Bobby Mackey's Music World. The mere utterance of the name is enough to trigger many of the people who've visited "the most haunted nightclub in America."
Located in Winder, Kentucky, the place (which was originally meant to be a slaughterhouse; a surefire method for opening a gateway to Hell) has worn many faces since it was built in the 1850s. From a hotel, to a casino, to good ol' Bobby Mackey's nightclub, there was even a period when, while abandoned, the site was used for vile purposes.
Based on pictures alone, you might not think the sleepy little club was a portal to Hell. It looks so innocent... a little small-town bar made for lovers of country-and-western. Nothin' to it, right? Well, there are tons of folks who'd disagree wholeheartedly.
Pictured above is what happened to Zak Bagans of Ghost Adventures while investigating Bobby Mackey's place.
A patron of the bar once claimed he felt like he was suffocating while a trashcan was thrown around the room. Allegedly, an apparition of a man with a handlebar mustache appeared screaming "Die game! Die game!" which is Latin for "well dying." This cryptic message might refer to the well in the basement that sacrificed bodies were dumped into.
Even Bobby's wife won't set foot in the place after she was grabbed around the waist, lifted, and thrown down the stairs by an apparition that screamed, "get out!" repeatedly.
A former caretaker of the grounds was said to have become possessed by a demon, and later had to be exorcised.
Regardless of their reasons for entering the club, it seems like pretty much everyone who steps foot in Bobby Mackey's ends up with a creepy story of their own. Check out a few choice selections from an eclectic mix of visitors:
"I was locking up after a tour, which happened to be pretty quiet that evening, and all of a sudden, I hear what sounds like all the windows and door shaking violently. You could actually feel the walls and the floors shaking. It was pretty creepy, so I stuck my head out the door and no one was there." – Laura Roland, Gatekeeper Paranormal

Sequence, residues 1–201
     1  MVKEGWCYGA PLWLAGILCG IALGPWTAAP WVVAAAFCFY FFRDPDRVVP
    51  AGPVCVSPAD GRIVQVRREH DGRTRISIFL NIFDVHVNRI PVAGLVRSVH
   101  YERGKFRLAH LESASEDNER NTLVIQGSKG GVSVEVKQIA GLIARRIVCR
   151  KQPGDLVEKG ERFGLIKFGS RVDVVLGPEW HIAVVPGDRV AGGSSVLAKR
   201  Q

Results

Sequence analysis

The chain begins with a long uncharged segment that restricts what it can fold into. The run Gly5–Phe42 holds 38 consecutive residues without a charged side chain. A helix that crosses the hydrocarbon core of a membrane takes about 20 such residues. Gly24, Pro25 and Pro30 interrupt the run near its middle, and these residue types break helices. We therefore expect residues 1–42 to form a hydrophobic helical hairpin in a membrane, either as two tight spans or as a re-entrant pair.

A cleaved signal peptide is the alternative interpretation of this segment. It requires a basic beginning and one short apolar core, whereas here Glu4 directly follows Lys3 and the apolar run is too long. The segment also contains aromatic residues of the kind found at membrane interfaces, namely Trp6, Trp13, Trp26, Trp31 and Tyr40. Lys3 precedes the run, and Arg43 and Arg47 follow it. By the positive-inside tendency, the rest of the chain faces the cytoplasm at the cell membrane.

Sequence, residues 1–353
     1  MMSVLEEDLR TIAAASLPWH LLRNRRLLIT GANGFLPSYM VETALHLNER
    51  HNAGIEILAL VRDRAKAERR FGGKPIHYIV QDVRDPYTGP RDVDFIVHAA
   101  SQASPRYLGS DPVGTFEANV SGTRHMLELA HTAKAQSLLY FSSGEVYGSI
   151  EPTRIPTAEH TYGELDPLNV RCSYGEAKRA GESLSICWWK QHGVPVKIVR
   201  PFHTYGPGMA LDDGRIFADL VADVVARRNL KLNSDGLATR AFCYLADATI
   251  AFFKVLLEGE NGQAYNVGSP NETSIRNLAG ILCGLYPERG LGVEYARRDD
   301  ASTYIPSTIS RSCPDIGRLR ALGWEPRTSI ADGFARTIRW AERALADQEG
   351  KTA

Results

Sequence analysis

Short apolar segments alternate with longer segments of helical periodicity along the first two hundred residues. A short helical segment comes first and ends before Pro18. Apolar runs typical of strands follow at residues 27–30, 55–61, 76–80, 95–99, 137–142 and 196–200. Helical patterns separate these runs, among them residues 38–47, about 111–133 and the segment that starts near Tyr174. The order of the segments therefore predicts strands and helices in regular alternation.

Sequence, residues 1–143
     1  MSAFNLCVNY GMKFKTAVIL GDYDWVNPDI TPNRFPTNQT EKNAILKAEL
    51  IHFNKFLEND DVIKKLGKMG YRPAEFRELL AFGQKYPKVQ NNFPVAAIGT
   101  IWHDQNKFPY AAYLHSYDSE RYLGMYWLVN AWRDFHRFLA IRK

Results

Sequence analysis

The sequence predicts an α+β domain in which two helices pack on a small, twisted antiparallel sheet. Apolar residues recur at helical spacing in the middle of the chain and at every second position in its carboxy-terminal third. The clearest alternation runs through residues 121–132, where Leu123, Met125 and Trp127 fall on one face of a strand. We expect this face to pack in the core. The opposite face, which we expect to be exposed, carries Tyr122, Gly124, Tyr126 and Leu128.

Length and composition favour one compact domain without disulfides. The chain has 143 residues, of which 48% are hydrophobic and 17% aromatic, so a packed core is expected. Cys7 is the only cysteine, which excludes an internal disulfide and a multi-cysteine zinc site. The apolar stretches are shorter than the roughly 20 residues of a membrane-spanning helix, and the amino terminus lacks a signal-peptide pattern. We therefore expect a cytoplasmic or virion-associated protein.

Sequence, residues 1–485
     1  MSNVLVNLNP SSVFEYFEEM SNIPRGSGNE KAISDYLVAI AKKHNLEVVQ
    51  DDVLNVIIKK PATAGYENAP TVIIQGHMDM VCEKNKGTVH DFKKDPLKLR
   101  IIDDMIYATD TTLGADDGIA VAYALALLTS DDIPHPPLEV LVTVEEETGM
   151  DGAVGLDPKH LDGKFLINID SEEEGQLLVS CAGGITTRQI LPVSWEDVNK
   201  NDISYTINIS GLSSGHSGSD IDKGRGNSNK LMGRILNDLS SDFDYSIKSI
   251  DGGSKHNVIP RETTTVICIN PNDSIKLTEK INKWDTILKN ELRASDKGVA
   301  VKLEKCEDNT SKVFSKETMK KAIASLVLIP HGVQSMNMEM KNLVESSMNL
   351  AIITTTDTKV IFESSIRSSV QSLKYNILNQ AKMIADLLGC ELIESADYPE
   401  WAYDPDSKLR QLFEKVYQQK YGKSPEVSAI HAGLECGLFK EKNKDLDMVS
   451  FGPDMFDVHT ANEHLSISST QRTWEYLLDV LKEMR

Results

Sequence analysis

"I had a friend who went one day. I wasn't there, but he told me about his experiences. He said as soon as he walked in there was a sign telling about the paranormal events that have happened, kind of a disclaimer. He told me while he was reading it he started to feel real weird and he was just staring at it. He heard voices that he couldn't make out just drowning out the surrounding sounds. He said he couldn't go anywhere, as he felt like he was being watched.
When he came back he was a different person for weeks, always angry and snippy, everyone could tell there was something off. He started to self harm too, which is when we all knew he needed help. He's fine now, but promises never to return." — Doctorman817
"I'd double check at the end of the night and make sure that everything was turned off. Then I'd come back down hours later and the bar lights would be on. The front doors would be unlocked, when I knew that I'd locked them. The jukebox would be playing the 'Anniversary Waltz' even though I'd unplugged it and the power was turned off." — Carl Lawson, former employee